3)       If employer-based coverage is unavailable for your student, consider an individual health insurance policy from a reputable carrier like Anthem Blue Cross, Coventry or United HealthCare.  With a high deductible health policy you can put in place an inexpensive catastrophic plan for any health issues that may exceed the capabilities of a school’s student health clinic.  While also giving your student a health insurance policy that can continue after college and into their work years.

Of course, if questions arise about your student’s health coverage, please call the individual benefits team at J.W. Terrill.  We’re always glad to help!

Continue reading...

Medicare Premiums: Rules For Higher-Income Beneficiaries

April 19, 2012


As we all return from spring break and tax time concentrates our focus, I thought I’d pass along some helpful information on Medicare Part B premiums.  If you or someone you know is on Medicare and this year’s tax return will show a lower income than last, this information will be particularly useful.

Please click here:

Note under the “What if my income has gone down?” section that the Social Security Administration has a process in place to review and lower Part B premiums if an enrollee is presently paying income adjusted premiums at higher than standard rates.  And, the “What if I disagree?” section can help with an appeal, too.

Continue reading...

Individual Health Insurance Update: Medicare Part B & D Premiums

January 13, 2012


It’s that time of year!  Medicare Part B and D enrollees should have received notice in early December of changes to their premiums.  Changes are effective 01/01/12 and will show on an enrollees next Social Security check, or premium invoice.  These premiums can represent a significant cost for retirees and it’s important to always add them into one’s personal health expense budget calculations.  The good news for 2012 is that premiums are dropping by more than 10%.  For Part B, here’s the new premium table:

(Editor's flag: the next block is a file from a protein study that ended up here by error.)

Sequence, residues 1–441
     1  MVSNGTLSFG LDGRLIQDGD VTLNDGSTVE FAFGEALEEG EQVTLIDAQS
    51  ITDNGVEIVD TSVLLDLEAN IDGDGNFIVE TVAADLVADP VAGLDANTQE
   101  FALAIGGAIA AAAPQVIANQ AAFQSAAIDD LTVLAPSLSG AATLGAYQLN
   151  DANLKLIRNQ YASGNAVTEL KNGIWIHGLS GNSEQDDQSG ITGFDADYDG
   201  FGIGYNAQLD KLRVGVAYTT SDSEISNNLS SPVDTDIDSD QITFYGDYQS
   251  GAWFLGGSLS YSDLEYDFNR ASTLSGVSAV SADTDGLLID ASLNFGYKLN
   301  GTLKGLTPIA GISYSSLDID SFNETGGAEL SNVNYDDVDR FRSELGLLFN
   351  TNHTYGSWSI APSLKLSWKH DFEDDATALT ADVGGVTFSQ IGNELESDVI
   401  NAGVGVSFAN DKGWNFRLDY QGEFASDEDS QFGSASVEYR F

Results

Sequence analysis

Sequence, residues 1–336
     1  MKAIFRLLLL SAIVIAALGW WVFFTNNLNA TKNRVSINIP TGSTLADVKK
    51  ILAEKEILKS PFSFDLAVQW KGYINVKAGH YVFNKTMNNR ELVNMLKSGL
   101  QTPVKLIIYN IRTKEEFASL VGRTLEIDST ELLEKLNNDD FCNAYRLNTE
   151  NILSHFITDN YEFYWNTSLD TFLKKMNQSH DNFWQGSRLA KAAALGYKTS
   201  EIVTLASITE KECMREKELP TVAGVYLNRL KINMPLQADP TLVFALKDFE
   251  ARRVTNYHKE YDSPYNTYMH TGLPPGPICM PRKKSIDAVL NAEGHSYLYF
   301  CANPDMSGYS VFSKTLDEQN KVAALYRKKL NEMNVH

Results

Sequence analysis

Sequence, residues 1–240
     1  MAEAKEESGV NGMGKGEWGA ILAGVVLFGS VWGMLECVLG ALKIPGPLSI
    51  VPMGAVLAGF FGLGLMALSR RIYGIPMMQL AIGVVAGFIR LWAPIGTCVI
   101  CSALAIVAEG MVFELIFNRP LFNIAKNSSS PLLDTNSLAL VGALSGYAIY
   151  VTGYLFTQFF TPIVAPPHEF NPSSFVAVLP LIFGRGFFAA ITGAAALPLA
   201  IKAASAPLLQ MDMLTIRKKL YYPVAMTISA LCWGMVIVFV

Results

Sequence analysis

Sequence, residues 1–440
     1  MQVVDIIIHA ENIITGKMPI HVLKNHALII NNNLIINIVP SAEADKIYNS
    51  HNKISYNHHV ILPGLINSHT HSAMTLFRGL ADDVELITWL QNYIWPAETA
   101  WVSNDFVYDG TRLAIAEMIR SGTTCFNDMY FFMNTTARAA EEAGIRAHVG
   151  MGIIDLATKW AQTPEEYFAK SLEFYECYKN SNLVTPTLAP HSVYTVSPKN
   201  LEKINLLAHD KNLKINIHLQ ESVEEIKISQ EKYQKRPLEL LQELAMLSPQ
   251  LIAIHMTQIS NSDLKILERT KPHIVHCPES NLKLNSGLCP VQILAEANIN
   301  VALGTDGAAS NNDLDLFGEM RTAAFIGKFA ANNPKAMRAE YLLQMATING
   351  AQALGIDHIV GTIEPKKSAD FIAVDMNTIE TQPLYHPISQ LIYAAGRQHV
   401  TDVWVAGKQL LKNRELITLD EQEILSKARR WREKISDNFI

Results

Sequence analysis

If your Annual Income is:

You pay
File Individual Tax Return File Joint Tax Return  
$85,000 or below $170,000 or below $ 99.90
$85,001-$107,000 $170,001-$214,000 $139.90
$107,001-$160,000 $204,001-$320,000 $199.80
$160,001-$214,000 $320,001-$428,000 $259.70
Above $214,000 Above $428,000 $319.70

And, for Part D prescription drug coverage, here’s the new premium surcharge table: 

If your Annual Income is:

You pay
File Individual Tax Return File Joint Tax Return  
$85,000 or below $170,000 or below Your Part D premium
$85,001-$107,000 $170,001-$214,000 $11.60 + Plan Premium
$107,001-$160,000 $204,001-$320,000 $29.90 + Plan Premium
$160,001-$214,000 $320,001-$428,000 $48.10 + Plan Premium
Above $214,000 Above $428,000 $66.40 + Plan Premium

To read the original press release from the Department of Health & Human Services, please go to: 

If you know a Medicare enrollee that is in a higher income tier and they’ve had a significant decrease in their gross income, they should contact the Social Security Administration to have their premiums reviewed for a downgrade adjustment.  For more details, and SSA contact information, start here:


Continue reading...